Now, Army in command

On 4-game streak, Black Knights eye Commander in Chief's Trophy

November 23, 2005|By KENT BAKER | KENT BAKER,SUN REPORTER

Philadelphia -- It is difficult to pinpoint exactly when the Army football team started to believe it would win again.

Maybe the breakthrough came in the third game of the season when then-22nd-ranked Iowa State had to rally in the fourth quarter to win at West Point, 28-21.

Or perhaps, as coach Bobby Ross contends, it arrived in mid-October in Fort Worth, Texas, when the Black Knights carried then-No. 25 Texas Christian nearly to the wire before two late touchdowns sealed a 38-17 decision for the Horned Frogs.

Or was it at Akron on Oct. 22, when Army broke an 11-game losing streak with a dominating 20-0 performance? Could it have been two weeks later in Colorado Springs, Colo., when the Black Knights beat Air Force for the first time in 28 years on its home field and lined up for a chance to win the Commander in Chief's Trophy?

Whenever the time came, it is obvious that Army (4-6) will be a considerable hurdle for rival Navy (6-4) on Dec. 3 when one of the academies will become the first with 50 victories in their storied rivalry. Not in 38 years have the Black Knights entered the classic game with a winning streak as long as four games as they have now.

"Winning at Air Force was real big for our confidence," said Carlton Jones, a co-captain who is Army's leading rusher with 944 yards. "We hadn't won there in forever. It was big-time."

Dhyan Tarver, a stalwart at defensive back and a co-captain, agreed, saying, "That was a large catalyst. The only thing that is going to beat that is to beat Navy. You are always playing to win, but we're definitely doing that this year. We have that much more confidence."

Ross said his team was down 24-17 at TCU with eight minutes left when he opted for an onside kick that didn't work. Given a short field, the Horned Frogs marched in for a touchdown and then capitalized on an interception for another to make the final score misleading.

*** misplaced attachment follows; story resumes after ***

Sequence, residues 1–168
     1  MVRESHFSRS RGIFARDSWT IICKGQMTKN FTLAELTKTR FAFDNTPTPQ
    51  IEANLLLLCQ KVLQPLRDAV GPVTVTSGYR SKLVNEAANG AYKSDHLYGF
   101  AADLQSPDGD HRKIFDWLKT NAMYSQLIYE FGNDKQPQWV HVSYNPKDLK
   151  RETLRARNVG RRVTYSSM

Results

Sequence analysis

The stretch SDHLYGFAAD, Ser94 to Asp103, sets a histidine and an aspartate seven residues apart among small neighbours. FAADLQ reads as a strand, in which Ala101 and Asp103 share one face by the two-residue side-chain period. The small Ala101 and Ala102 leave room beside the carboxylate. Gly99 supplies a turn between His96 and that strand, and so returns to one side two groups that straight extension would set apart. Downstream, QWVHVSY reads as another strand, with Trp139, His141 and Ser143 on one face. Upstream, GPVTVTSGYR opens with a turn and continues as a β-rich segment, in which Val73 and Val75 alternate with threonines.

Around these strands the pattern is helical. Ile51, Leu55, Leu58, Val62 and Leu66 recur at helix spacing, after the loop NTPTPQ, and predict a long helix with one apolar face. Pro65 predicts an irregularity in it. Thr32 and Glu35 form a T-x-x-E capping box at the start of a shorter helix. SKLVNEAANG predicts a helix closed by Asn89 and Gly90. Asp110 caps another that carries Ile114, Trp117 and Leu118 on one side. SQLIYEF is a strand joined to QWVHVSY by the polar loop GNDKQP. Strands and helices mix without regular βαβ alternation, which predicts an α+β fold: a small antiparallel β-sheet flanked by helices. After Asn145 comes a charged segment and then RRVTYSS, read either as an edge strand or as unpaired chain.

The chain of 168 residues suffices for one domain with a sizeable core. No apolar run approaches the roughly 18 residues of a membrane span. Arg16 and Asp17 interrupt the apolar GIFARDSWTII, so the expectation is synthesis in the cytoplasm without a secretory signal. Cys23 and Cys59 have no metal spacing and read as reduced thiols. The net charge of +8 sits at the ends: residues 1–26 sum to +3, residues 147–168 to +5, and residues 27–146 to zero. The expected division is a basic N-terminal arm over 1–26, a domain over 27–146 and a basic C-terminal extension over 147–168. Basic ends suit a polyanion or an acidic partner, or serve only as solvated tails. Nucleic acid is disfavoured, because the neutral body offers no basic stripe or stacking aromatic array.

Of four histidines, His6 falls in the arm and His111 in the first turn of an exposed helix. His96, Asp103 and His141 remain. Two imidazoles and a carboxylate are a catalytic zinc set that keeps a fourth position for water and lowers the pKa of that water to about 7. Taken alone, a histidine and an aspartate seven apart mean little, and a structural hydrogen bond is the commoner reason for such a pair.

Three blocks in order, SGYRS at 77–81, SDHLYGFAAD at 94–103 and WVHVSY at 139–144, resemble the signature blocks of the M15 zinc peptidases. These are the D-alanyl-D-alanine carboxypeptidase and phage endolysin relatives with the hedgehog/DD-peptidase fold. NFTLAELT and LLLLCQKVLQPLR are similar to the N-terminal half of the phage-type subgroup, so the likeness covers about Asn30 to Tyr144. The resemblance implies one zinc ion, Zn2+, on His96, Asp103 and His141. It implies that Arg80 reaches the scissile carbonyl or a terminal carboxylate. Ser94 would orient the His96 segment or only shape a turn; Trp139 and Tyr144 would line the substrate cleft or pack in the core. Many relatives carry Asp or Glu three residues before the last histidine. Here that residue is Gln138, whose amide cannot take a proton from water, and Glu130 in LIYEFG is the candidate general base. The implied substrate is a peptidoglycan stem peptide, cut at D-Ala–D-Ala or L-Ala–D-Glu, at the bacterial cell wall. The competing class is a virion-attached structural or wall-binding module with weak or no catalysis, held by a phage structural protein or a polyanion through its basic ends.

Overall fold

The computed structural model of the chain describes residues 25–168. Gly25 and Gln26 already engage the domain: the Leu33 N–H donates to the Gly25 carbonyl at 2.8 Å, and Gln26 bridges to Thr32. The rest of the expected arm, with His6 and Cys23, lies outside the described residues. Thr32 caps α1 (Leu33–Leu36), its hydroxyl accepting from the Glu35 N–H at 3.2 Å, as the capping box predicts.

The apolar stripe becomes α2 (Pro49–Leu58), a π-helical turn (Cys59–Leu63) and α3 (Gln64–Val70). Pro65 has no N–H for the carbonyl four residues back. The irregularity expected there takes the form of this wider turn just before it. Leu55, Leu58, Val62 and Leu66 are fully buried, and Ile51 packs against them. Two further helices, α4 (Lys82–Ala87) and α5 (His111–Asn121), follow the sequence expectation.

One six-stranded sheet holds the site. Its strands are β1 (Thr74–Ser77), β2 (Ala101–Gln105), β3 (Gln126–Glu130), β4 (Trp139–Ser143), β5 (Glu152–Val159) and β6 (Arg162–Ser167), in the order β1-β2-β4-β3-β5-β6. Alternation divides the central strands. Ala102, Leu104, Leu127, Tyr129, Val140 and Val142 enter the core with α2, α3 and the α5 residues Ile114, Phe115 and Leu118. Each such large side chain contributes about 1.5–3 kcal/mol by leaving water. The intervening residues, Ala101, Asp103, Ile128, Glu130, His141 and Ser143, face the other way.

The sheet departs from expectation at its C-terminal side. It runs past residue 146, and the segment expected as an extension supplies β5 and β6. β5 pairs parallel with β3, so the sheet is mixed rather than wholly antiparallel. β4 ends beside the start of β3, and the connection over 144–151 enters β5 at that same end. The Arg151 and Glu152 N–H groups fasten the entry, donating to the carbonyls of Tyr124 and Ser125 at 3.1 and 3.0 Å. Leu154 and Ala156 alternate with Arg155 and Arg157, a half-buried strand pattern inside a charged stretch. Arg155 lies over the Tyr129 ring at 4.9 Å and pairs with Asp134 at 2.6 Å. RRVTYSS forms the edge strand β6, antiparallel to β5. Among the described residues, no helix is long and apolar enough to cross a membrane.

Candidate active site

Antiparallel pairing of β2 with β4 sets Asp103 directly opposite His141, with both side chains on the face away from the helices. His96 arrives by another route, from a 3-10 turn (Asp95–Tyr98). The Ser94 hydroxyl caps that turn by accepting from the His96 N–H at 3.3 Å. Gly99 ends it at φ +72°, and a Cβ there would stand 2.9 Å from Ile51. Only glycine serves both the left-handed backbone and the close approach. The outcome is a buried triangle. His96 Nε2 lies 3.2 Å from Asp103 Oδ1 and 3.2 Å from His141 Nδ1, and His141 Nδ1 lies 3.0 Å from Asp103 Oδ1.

"I think our kids felt then that `Hey, this is a very good football team we're playing and we're right with them most of the game,'" Ross said. "I think that was the turning point."

Ross' work at West Point is beginning to resemble that of his Navy counterpart, Paul Johnson, who had his team in a bowl game two years after a winless season. The Black Knights aren't going bowling after losing their first six games, but they are on the same improvement track.

During the kickoff luncheon at Lincoln Financial Field yesterday, Navy athletic director Chet Gladchuk said Navy "will bring it [Commander in Chief's Trophy] here. We'll put it on the 50-yard line and the team that ends up on top can take that baby home."

That will provide even more incentive for the Black Knights, who haven't claimed the prize since 1996.

"We seniors want to go out winning the Commander in Chief's," Jones said. "I've seen pictures of it, but I've never actually touched it. I definitely want to get a hold on it."

Said Tarver: "This is the Super Bowl of my life. It's the game that I live for, the one that determines our season."

Ross said he was feeling optimistic even after the Black Knights started 0-6.

"I wasn't losing any sleep because I felt like we were playing better," he said. "We were playing good defense, our kicking had improved. But at an academy, it's important that you win. That first year [2004], people would compliment us because we played hard. That didn't cut it for me."

Now, it's no longer cutting it for the players, either.

kent.baker@baltsun.com

Army vs. Navy Dec. 3, 2:30 p.m., Lincoln Financial Field, Philadelphia, chs. 13, 9, 1090 AM, 1430 AM

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